It took 57 years from the release of his first single for Hank Williams Jr. to become a member of the Country Music Hall of Fame. His induction speech took less than two minutes.
Williams, an avid hunter, opened by celebrating the start of deer season. He said the many people to thank “know who they are,” and closed by referencing several of his classic songs.
“All my rowdy friends are coming over tonight. I was born to boogie, and this –”
He turned to point at his just-unveiled plaque, which will now hang in the museum’s famed rotunda.
“…is a ‘Family Tradition.’”
Williams, country torchbearer Marty Stuart and master songwriter Dean Dillon were all inducted Sunday during the Hall of Fame’s annual Medallion Ceremony.
Along with their songs, the CMA Theater was often filled with a sharp sense of gratitude: not just for the inductees and the institution, but for the opportunity to gather for another ceremony at all.
Williams, Stuart and Dillon, in fact, are the hall’s 2020 class, and were first revealed more than a year ago. Due to the pandemic, their ceremony was put on hold for more than a year, and a recently unveiled 2021 class is right on their heels. But Sunday’s parade of tributes from friends and superstars ensured it was worth the wait.
Marty Stuart: ‘My life was set’
Marty Stuart’s brilliance, in part, is fueled by his ceaseless reverence for country music’s most legendary figures. On Sunday, he officially took his place alongside them.
Born Sept. 30, 1958, in Philadelphia, Mississippi, Stuart was covering country music with his band by the time he was nine. In the midst of pop’s “British Invasion,” he said he felt like the country stars of that era “needed a correspondent” in his town.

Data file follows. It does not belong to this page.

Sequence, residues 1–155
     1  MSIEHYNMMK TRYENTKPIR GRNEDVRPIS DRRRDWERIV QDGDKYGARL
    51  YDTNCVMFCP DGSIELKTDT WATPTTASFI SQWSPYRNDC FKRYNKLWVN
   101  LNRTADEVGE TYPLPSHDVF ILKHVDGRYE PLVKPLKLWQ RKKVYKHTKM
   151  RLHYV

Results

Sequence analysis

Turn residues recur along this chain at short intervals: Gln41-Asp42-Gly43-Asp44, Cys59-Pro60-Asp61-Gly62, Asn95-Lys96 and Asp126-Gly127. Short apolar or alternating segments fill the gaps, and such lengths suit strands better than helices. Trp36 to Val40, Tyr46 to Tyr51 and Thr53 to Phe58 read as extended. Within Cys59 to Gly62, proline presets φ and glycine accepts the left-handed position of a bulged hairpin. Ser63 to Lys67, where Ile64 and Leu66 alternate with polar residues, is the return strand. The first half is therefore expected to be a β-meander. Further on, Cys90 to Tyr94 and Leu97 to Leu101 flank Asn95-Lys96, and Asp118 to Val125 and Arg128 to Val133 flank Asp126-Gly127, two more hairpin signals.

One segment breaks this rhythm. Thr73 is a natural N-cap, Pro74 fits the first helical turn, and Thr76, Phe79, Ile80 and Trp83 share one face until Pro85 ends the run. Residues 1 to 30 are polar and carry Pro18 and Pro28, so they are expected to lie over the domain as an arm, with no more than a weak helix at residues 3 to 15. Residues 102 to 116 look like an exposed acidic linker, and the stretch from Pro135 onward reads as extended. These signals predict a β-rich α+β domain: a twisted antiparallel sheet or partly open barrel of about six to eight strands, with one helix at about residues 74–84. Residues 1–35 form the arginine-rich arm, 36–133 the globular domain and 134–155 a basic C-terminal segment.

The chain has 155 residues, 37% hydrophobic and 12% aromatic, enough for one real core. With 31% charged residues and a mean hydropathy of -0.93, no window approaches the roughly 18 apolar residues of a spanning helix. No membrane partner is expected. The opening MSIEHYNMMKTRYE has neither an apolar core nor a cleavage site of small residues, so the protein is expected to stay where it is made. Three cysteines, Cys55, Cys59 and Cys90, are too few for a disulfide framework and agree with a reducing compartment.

“I still feel like I’m a correspondent for Hank Sr., and Merle Haggard, and Johnny Cash and the culture of country music, because it’s what I love.”
He began picking professionally at age 12, joining the Sullivan Family bluegrass band for a summer tour in 1972, and it wasn’t long before he began living out all of his country music dreams, piece by piece.
The first two records he ever owned, he said, were by Lester Flatt and Johnny Cash, and they later became the two artists who hired him for their bands. He saw country star Connie Smith in his hometown at age 11, and he told his mother he was going to marry her.
On Sunday, Smith, Stuart’s wife of 24 years, tearfully inducted her husband into the Hall of Fame.
“My life was set,” he said. “It was just a matter of growing into it.”
Stuart’s celebrated journey – from a beyond-his-years talent to traditionalist star, fiercely independent artist and ambassador – was reflected in his tributes.
Hall of Fame CEO Kyle Young called Stuart “a flame-keeper, a spokesman and a chief,” and noted that he wasn’t just being inducted for his hit-making years, but the crucial work he’s done throughout the 21st century.
Friend and collaborator Pastor Evelyn Hubbard of Mississippi sang “It’s Time to Go Home,” from Stuart’s 2005 gospel album “Souls’ Chapel.” Emmylou Harris and Charlie Worsham lent Everlys-esque harmonies to “Tempted,” his highest charting solo single.
Ashley McBryde delivered an inspired rendition of “The Observations of a Crow,” a standout from his 1999 landmark album “The Pilgrim.”
“Anybody that knows me knows that I love this building,” Stuart said after seeing his plaque. “I got to be a part of it coming up out of the ground, just a small part of it. But this is our living room. This is our spiritual home. This is our treasure chest. And this is where we belong. God has had his hand on this place.”